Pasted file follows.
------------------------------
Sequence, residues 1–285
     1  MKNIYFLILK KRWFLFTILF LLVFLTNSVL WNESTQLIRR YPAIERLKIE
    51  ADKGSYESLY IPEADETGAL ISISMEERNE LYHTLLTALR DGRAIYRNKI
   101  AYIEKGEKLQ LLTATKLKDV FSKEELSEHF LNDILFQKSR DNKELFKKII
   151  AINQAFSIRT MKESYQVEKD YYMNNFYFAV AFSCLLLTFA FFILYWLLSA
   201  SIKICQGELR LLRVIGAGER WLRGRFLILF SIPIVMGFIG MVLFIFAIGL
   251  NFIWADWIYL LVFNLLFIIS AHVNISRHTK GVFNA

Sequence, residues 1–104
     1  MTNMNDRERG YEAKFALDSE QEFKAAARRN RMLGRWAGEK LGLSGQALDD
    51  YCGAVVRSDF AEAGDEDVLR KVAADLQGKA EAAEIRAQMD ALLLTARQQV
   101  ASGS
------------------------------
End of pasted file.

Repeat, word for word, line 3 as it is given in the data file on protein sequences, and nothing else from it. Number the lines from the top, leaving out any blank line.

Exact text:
    51  ADKGSYESLY IPEADETGAL ISISMEERNE LYHTLLTALR DGRAIYRNKI